Amnesty International condemned Wednesday United States Secretary of State Mike Pompeo's comments threatening the International Criminal Court (ICC) 's staff and their family members for investigating alleged war crimes committed by the U.S. in Afghanistan.
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"Threats against family members of ICC staff who are seeking justice is a new low, even for this administration," said Amnesty International USA's advocacy director Daniel Balson.
The court had announced at the beginning of this month that a probe into alleged U.S. crimes could resume after the court's Pre-Trial Chamber previously halted it. The news infuriated the Trump administration, which had been attempting to quash the investigation.
"We oppose any effort by the ICC to exercise jurisdiction over U.S. personnel," Pompeo told reporters. "We will not tolerate its inappropriate and unjust attempts to investigate or prosecute Americans."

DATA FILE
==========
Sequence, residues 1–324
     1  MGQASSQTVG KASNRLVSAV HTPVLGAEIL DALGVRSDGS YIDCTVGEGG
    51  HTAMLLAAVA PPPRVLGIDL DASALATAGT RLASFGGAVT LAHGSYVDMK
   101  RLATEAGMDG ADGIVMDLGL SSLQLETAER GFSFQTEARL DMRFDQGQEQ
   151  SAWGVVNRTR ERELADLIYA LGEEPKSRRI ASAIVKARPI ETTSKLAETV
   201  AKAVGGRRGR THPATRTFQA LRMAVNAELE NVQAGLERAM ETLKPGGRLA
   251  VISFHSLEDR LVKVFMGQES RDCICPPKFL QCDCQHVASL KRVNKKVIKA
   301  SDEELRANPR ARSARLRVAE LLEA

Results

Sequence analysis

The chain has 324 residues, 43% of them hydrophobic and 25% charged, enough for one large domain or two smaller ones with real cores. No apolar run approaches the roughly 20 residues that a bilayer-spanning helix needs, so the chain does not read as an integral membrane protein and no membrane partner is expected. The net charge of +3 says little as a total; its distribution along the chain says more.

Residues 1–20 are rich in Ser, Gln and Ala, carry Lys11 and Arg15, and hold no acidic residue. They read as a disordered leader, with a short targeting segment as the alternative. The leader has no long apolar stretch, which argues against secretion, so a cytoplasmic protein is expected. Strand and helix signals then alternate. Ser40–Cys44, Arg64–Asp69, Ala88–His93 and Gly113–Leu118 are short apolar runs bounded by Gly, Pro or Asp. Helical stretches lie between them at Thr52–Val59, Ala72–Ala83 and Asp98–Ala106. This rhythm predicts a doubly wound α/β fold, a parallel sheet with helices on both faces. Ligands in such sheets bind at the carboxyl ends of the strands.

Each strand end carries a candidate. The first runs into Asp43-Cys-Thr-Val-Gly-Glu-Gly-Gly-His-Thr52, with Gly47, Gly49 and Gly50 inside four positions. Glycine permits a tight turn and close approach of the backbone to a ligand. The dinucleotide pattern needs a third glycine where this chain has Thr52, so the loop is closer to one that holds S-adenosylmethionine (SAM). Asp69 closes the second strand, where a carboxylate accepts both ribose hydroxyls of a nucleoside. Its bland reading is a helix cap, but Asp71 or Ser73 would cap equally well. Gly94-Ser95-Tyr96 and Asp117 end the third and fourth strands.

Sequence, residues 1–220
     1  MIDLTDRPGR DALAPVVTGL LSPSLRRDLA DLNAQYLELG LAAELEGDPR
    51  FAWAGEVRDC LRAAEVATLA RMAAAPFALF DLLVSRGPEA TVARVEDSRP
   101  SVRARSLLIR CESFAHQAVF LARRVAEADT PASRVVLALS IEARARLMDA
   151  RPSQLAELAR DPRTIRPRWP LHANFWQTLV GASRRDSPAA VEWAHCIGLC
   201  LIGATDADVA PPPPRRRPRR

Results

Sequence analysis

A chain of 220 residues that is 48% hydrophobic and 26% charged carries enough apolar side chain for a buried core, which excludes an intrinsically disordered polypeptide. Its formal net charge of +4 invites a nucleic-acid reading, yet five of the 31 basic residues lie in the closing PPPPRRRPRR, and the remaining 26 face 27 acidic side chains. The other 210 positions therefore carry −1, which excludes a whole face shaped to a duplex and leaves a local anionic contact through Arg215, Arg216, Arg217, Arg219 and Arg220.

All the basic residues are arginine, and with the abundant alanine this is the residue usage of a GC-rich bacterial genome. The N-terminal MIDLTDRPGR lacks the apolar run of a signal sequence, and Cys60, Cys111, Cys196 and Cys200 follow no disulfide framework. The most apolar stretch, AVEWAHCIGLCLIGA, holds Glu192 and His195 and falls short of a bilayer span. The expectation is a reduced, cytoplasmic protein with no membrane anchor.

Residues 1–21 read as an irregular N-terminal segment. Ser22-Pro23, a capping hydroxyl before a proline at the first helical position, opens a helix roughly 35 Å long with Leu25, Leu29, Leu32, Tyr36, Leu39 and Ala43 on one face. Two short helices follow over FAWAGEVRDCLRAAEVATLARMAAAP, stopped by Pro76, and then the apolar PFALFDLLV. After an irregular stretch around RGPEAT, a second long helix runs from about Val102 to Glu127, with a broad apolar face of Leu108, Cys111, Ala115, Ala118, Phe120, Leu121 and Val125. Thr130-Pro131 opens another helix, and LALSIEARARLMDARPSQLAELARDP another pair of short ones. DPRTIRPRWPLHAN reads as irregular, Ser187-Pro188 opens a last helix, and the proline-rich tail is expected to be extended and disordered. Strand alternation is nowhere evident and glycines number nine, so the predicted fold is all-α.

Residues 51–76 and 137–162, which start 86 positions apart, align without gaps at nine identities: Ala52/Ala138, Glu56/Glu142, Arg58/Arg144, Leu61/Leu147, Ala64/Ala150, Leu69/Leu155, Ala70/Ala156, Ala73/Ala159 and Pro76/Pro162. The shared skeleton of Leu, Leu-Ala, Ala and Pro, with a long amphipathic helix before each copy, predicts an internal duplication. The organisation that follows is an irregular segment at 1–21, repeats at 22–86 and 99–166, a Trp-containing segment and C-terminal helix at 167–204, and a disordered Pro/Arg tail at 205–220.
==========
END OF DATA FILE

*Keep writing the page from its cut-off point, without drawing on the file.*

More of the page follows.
The secretary of state then suggested that retaliatory actions would be taken.
"We want to identify those responsible for this partisan investigation and their family members who may want to travel to the United States or engage in activity that's inconsistent with making sure we protect Americans," he said.
Balson said the Trump administration was proving it was not interested in achieving justice.
The fact that Pompeo is mentioning retaliation on families of ICC staff "is an ominous move," said Balson.
"If there remained any doubt that the Trump administration's hostility towards the court is fundamentally punitive and callous in nature," he added, "these doubts have now been dispelled."
"Instead of pursuing the torturers, the U.S. is condemning the investigators and even their families."
The ICC started its functions in 2002 to prosecute individuals for the international crimes of genocide, crimes against humanity, war crimes, and crimes of aggression. The U.S., as well as Israel, have refused to sign up to the court.